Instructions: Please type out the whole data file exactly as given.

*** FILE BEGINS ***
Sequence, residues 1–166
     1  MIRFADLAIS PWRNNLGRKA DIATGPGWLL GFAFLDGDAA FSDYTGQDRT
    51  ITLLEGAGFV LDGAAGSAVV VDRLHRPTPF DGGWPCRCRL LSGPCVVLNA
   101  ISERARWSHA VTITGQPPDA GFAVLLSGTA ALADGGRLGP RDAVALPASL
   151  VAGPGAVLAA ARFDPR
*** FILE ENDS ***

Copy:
Sequence, residues 1–166
     1  MIRFADLAIS PWRNNLGRKA DIATGPGWLL GFAFLDGDAA FSDYTGQDRT
    51  ITLLEGAGFV LDGAAGSAVV VDRLHRPTPF DGGWPCRCRL LSGPCVVLNA
   101  ISERARWSHA VTITGQPPDA GFAVLLSGTA ALADGGRLGP RDAVALPASL
   151  VAGPGAVLAA ARFDPR